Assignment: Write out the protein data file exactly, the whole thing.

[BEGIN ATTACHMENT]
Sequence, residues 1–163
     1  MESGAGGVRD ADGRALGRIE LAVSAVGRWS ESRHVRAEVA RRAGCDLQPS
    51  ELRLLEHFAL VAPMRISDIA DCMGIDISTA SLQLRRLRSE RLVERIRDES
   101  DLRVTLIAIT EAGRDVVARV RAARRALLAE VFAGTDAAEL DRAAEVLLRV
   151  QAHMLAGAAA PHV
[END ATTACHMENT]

Sequence, residues 1–163
     1  MESGAGGVRD ADGRALGRIE LAVSAVGRWS ESRHVRAEVA RRAGCDLQPS
    51  ELRLLEHFAL VAPMRISDIA DCMGIDISTA SLQLRRLRSE RLVERIRDES
   101  DLRVTLIAIT EAGRDVVARV RAARRALLAE VFAGTDAAEL DRAAEVLLRV
   151  QAHMLAGAAA PHV